Controversial republican parade opposed by hundreds of protesters
Atmosphere tense during march and unveiling of memorial to dead IRA members
Hundreds of people protested at a controversial republican parade taking place in Castlederg, Co Tyrone. The Tyrone Volunteers Day Parade commemorates republicans who died during the Troubles, including two IRA men killed by their own bomb. Photograph: Mark Marlow/Pacemaker Press
A memorial to Tyrone IRA members, including two who died when they were killed by their own bomb, has been unveiled in Castlederg during a contentious republican parade.
The parade was opposed by hundreds of protesters, many of whom stood at a police barrier holding photographs of relatives who died at the hands of the IRA.
Others sang hymns at the nearby village cenotaph as republican bands playing Only Our Rivers Run Free paraded past Ferguson Crescent, a short distance away.
The atmosphere was tense as police in body armour, but not full riot gear, contained the protesters – many of whom shouted angrily at republicans carrying the Tricolour, flags of the four provinces, the starry plough and other emblems.
Re-routing of parade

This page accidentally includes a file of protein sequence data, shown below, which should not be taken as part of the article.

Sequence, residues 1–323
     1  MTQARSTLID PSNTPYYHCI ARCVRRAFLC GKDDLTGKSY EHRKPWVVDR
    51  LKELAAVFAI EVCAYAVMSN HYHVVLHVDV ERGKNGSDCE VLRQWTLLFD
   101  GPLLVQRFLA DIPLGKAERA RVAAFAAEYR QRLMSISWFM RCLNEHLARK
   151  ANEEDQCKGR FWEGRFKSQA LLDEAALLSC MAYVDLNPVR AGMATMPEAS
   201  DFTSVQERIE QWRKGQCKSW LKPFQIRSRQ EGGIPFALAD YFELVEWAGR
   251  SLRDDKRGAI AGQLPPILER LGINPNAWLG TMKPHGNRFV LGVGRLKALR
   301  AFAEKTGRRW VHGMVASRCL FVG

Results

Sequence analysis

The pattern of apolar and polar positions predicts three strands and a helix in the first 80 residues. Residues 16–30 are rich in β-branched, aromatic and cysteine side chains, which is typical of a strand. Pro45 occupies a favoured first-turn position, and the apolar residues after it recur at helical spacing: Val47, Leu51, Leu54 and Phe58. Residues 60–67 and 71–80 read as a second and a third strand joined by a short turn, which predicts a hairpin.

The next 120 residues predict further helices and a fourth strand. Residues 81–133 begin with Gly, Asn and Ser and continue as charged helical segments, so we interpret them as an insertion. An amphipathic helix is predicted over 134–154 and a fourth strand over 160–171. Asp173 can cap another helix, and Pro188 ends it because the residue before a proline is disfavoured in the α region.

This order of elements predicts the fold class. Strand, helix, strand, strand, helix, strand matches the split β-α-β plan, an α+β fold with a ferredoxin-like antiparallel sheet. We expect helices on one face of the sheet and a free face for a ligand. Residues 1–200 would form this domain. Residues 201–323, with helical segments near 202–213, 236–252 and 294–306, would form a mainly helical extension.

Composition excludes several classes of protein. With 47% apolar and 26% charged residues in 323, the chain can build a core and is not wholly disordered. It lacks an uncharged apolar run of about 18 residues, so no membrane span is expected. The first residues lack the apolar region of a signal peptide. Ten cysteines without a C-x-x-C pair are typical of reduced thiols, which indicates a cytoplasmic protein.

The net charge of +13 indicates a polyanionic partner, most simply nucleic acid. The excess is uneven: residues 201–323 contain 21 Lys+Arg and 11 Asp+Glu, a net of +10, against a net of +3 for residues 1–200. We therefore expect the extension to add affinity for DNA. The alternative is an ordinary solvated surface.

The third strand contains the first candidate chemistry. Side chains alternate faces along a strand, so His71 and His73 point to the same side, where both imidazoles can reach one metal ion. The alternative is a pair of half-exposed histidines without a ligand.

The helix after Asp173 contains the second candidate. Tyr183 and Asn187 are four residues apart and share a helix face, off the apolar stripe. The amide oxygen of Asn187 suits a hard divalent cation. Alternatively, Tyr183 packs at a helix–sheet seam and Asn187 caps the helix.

The protesters were supported by some senior DUP members, including Minister for Enterprise Arlene Foster and by Traditional Unionist Voice leader Jim Allister.
Also in attendance were senior figures from the Parades Commission which rules on contentious marches and had ordered the re-routing of the parade away from the village centre where the war memorial stands. Several hundred police blocked the 100m gap between the parade route and the many protesters marshalled by members of the loyal orders.
A police helicopter monitored proceedings. Northern Secretary Theresa Villiers had called for the march to be called off given what she called “the deep pain this parade will cause the families of victims in West Tyrone area and the rest of Northern Ireland”.
One loyalist victims’ campaigner, David Kerrigan, said: “There is no use talking to them, they have set relations back in this town 20 years.”
The parade made its way to a housing estate in the village where a new memorial had been erected to IRA members from the county who had died during the Troubles. The unveiling ceremony was attended by senior Sinn Féin members including Gerry Kelly.
Relatives of the dead IRA men – including Séamus Harvey and Gerard McGlynn, killed by their bomb – read tributes to their loved ones. The main address was given by Mr Kelly.
Meanwhile, In Belfast Sinn Féin president Gerry Adams addressed a rally in west Belfast supporting the families of 11 people killed by the British army in 1971 and renewed his call for an independent truth and reconciliation commission.